bad-breathIt’s hard to avoid embarrassing breath odor when you wake up in the morning. The good news is that it’s not just you; morning breath happens to just about everyone out there. Maybe understanding why it occurs and learning some tips to combat it will help you at least cut down on the severity of your breath odor in the mornings.

What it is
The main reason your breath has a strong smell after a night of sleep is that your mouth becomes dry overnight. Odor-causing bacteria thrive in a mouth that lacks saliva, which normally decreases during sleep. Bacteria grow in your mouth while you sleep, and morning breath results.

Why it happens
There are a number of reasons that your breath is worse in the mornings than any other time of day:

  • Mouth breathing – your mouth becomes dry when your mouth is left open for extended time periods.
  • Snoring – your mouth is often ajar while snoring, allowing it to dry out.
  • Medications – certain drugs contribute to dry mouth, which gets even worse overnight. Senior adults are more likely to be on medications that commonly cause dry mouth, so this is especially a problem for that age group.
  • Smoking – saliva in your mouth dissipates when your mouth temperature is increased due to smoking.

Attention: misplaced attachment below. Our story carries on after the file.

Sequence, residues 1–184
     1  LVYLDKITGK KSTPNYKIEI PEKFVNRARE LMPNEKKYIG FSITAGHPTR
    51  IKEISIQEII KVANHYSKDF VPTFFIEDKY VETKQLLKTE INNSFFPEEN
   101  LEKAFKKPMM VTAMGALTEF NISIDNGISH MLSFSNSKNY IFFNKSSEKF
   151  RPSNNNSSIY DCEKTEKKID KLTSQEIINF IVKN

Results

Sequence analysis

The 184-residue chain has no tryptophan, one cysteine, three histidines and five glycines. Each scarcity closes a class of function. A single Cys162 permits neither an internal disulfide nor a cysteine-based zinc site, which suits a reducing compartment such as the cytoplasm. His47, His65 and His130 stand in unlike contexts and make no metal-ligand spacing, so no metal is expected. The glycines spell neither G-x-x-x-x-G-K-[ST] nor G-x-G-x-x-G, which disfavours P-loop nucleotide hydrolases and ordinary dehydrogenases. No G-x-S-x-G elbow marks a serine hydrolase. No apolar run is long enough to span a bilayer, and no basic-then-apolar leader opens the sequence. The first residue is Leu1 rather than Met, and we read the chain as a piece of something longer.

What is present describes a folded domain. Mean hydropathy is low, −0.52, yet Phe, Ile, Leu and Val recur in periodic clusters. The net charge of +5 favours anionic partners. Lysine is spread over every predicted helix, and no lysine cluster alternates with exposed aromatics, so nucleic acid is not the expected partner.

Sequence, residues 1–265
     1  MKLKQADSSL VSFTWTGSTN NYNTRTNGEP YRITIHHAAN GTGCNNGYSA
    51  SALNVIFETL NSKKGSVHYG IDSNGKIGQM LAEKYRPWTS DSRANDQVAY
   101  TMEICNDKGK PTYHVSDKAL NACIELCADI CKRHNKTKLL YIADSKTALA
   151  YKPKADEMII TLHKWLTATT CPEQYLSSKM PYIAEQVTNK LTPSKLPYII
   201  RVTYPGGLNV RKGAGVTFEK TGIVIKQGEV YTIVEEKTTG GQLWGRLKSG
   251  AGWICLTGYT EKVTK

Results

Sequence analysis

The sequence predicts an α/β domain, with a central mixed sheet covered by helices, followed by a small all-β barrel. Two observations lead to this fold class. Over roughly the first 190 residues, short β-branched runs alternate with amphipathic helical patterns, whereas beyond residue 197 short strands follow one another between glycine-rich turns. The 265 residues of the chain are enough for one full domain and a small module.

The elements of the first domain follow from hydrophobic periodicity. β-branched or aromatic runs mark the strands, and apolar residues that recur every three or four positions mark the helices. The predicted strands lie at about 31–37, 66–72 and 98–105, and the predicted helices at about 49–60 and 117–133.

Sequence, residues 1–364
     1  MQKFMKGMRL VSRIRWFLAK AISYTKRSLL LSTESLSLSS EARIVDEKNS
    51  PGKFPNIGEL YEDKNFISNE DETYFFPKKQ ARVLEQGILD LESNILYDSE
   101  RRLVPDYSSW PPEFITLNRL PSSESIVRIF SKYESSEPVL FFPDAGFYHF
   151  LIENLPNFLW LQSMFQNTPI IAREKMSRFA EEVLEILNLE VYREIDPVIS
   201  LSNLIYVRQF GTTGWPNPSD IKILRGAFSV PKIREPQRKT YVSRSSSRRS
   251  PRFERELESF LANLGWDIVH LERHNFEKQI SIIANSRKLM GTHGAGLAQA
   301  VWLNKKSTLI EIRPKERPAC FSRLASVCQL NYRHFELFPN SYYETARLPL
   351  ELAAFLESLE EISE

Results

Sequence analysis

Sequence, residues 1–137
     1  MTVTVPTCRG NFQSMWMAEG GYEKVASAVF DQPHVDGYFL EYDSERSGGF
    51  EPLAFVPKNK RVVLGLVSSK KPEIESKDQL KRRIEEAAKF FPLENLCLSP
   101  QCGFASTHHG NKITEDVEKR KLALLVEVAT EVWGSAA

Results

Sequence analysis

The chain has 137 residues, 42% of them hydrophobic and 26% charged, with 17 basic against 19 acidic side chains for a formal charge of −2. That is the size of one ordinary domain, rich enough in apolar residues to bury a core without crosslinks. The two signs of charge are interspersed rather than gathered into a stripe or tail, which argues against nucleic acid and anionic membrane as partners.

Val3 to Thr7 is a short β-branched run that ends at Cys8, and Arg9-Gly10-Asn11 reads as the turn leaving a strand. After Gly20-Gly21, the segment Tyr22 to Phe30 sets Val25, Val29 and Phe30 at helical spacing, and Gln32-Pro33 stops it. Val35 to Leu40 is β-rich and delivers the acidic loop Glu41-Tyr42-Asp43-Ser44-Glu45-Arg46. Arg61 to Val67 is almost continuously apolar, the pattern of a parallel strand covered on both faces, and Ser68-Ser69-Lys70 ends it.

• Allergies – allergy sufferers tend to have mucous draining down their throats, creating a food source for bacteria.

What you can do about it
Although you probably can’t completely avoid morning breath, there are some ways to lessen it. Good oral hygiene makes a difference. This includes brushing at least twice a day for two minutes, and always right before bed. Make sure to brush all your teeth, gums, and tongue. Avoid eating or drinking anything after your final brushing of the day. Another important element of oral care is flossing daily to remove food particles between your teeth and under your gums. You may also consider rinsing with an anti-bacterial mouthwash to get rid of germs that cause breath odor.

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